Nativity Scene In The Bread

In Italy people like to decorate their homes for Christmas just like here in the USA, even though a nativity scene is probably the most important piece displayed.
Not everybody decorates trees, as it is commonly known to be a pagan custom [we are talking about a Catholic country here 🙂 ].

I have seen very creative ways to display the nativity scene. A friend of my family used his large toy train table [almost as big as the room holding it, complete with real-water lake and river, and papier-mache mountains); after covering the train tracks with faux bushes, he re-created the Bethlehem scene, with stable, shepherds, sheep and all. I used to love his nativity set; he even had a water mill with a moving wheel!

In my parents’ house, we used to create the scene in our almost never used fireplace, where large pieces of driftwood “acted” as mountains, and, with faux moss, or pebbles as background, we arranged the characters/pieces of the whole baby Jesus’ birth day scenario….

Over the past years, my mother has sent me different small nativity scenes around Christmas time: they are usually very small or miniatures, for shipping reasons. Few years ago she mailed me a very original one that a crafter arranged in an open rosetta [=a characteristic Italian bread or pane that I often wish to have here in America].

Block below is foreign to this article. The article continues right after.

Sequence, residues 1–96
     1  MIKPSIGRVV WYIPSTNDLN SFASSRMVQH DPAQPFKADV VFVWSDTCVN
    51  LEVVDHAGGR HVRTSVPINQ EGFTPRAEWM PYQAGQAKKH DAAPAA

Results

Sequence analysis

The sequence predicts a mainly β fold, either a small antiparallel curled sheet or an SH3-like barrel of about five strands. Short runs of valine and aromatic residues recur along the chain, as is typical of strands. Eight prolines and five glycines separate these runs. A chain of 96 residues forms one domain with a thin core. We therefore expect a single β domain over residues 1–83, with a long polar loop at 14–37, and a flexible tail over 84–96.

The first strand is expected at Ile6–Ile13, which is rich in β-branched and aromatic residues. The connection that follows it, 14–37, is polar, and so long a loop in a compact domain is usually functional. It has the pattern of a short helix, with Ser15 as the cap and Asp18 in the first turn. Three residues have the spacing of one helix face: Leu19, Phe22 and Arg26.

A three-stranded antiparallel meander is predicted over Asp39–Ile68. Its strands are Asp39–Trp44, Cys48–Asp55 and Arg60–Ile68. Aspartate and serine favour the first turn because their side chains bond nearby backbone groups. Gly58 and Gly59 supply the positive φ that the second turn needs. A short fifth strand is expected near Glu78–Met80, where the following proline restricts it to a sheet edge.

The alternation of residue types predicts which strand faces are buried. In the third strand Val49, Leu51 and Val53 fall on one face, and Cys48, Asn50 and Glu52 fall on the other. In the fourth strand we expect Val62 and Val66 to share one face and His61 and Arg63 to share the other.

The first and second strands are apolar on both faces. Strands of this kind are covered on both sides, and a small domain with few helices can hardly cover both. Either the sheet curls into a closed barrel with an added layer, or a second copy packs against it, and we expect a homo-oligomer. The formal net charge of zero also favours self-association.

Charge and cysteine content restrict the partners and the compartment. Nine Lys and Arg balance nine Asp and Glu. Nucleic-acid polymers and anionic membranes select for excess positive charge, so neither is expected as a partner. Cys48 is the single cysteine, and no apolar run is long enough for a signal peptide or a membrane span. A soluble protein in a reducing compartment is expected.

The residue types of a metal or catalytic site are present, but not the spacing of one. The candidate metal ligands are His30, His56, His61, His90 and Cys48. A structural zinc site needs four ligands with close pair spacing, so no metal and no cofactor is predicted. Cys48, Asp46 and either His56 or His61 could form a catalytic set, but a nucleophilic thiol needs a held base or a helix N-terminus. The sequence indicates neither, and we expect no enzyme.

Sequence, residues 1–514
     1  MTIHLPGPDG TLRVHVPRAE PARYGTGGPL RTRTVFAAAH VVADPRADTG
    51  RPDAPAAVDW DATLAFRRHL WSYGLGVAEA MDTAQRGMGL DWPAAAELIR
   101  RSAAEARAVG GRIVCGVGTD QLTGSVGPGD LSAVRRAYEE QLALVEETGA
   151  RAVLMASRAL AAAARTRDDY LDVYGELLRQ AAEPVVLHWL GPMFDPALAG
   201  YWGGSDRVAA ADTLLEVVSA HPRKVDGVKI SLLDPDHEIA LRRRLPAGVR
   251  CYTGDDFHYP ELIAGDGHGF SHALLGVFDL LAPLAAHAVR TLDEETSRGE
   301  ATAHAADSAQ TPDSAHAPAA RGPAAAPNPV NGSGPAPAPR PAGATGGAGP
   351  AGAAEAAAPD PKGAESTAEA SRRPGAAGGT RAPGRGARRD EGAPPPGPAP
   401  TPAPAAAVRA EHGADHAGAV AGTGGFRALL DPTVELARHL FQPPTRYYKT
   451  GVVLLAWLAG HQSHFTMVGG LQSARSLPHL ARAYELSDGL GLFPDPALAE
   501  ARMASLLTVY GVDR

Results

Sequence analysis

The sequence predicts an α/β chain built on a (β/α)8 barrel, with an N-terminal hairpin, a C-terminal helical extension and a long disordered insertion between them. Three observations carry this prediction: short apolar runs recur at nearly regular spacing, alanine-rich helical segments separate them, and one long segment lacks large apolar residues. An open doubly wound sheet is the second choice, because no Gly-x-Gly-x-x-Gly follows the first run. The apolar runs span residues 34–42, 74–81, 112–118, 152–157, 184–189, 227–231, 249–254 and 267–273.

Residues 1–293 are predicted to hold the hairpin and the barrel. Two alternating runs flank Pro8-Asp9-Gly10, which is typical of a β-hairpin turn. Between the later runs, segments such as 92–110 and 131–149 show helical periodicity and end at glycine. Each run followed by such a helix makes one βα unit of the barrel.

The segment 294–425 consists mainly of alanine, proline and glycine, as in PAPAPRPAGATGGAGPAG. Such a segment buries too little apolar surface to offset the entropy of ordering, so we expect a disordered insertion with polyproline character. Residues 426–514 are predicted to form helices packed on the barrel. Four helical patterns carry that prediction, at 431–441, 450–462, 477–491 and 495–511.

These are two rosette:

and this is the nativity scene in a half rosetta:

the green stuff is moss and the gray swirls at the top are glitter squiggles.

Amazingly, it hasn’t deteriorated at all; it was probably sprayed with a clear coat of acrylic paint, or now it would be green with mold 🙂

Happy holidays to everyone!

Now hurry over to Carrie’s blog for more friday foto finish fiesta .

Today I am grateful for my family being together.

4 thoughts on “Nativity Scene In The Bread

  1. OMG I love Italy! I have got to go! I won this crazy nativity scene add-on at a white elephant gift exchange this year. It is Native American “spirit” symbol type animals (eagle, wolf, bear, etc.) and little Native Americans. So confusing and wonderful. Happy New Year!

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